Norma Rae, Edna Spalding, Mrs. Gump, Mary Todd Lincoln, and Doris Miller. Sally Field's most recent role, Doris Miller, is a worthy addition to her amazing gallery of film performances, given since she emerged as Gidget a half century ago. An eccentric, lonely woman of advancing years, Doris has sacrificed her life to care for her now-deceased mother. Mother and daughter have evidently been hoarders, and Doris's brother and sister-in-law eagerly want her to clean up and clear out, because they want to sell the Staten Island house. Meanwhile, Doris fixates on John Fremont, a much younger man, who is the new art director in her Manhattan office, and, inspired by a motivational speaker named Willy Williams and by countless bodice-busting romance novels, she decides to pursue romantic involvement with the good looking young guy. While "Hello, My Name is Doris" plays out somewhat predictably, the film provides a showcase for Sally Field in yet another Oscar-worthy performance.
In the hands of a less gifted actress, Doris could have been little more than a caricature; a bespectacled woman who wears wigs, has a large bow in her hair, decorates her cubicle with cat calendars, and lives alone in a cluttered house with a cat. However, Fields brings restraint and depth to the character, and she convincingly conveys the shy woman's re-emergence from a decades-long cocoon. Although her pursuit of the young man borders at times on cringe worthy, Fields manages to retain her dignity and audience sympathy. Fremont, played by Max Greenfield, who is about three decades younger than Fields, kindly returns Fields's overtures of friendship, but fails to grasp that she wants more than he is prepared to offer. Doris's "Walter Mitty" like day dreams about Fremont are often amusing, but her foray into Facebook stalking takes a dark, unsavory turn.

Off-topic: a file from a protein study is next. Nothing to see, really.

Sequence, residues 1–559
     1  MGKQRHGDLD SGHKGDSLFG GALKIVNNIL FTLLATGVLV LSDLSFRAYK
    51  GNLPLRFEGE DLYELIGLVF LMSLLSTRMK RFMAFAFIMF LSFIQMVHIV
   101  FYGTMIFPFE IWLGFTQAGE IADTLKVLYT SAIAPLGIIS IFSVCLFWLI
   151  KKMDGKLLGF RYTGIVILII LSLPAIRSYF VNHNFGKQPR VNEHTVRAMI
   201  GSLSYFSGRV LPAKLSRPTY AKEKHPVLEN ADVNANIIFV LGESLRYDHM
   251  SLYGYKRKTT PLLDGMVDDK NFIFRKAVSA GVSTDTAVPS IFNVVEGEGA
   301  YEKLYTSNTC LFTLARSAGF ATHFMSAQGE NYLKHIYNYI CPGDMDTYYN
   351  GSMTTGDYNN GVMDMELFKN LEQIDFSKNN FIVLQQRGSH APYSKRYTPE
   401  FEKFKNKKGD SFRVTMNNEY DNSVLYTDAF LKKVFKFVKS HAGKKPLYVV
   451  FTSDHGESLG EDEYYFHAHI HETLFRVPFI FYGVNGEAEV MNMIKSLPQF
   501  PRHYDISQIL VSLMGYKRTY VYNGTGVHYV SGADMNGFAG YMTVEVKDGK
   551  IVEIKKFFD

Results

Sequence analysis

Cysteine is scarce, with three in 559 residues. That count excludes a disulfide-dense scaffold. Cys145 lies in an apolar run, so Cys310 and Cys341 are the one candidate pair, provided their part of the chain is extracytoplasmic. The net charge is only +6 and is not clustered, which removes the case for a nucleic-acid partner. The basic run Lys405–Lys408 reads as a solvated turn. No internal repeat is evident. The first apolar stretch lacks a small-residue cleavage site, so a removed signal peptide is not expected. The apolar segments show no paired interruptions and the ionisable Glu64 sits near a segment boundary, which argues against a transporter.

The supporting cast is good, although none overshadow Field's star turn. Greenfield is fine as Doris's fantasy-love interest, and Tyne Daly is her usual tough-shell warm-inside self as Doris's best friend and confidante. Peter Gallagher nails the Willy Williams part and actually imparts some helpful, if clichéd advice to Doris. Directed and co-written by Michael Showalter, "Hello, My Name is Doris" may have been intended as a fantasy- exploitation film for older women, who seem to dominate the movie's audiences. Generally, May-December romances involve older men with younger women, and Field herself starred in one such film, "Murphy's Romance" with James Garner, although the age difference in that film disappeared through the stars' chemistry. However, the chemistry fails to develop herein, and Doris and John reverse the gender/age roles, which places them close to Harold and Maude, a possible turn off for some viewers. Nevertheless, the exceptional performance by Sally Field is well worth seeing and the proceedings are often amusing, even if a few scenes between her and Greenfield may make some uncomfortable.
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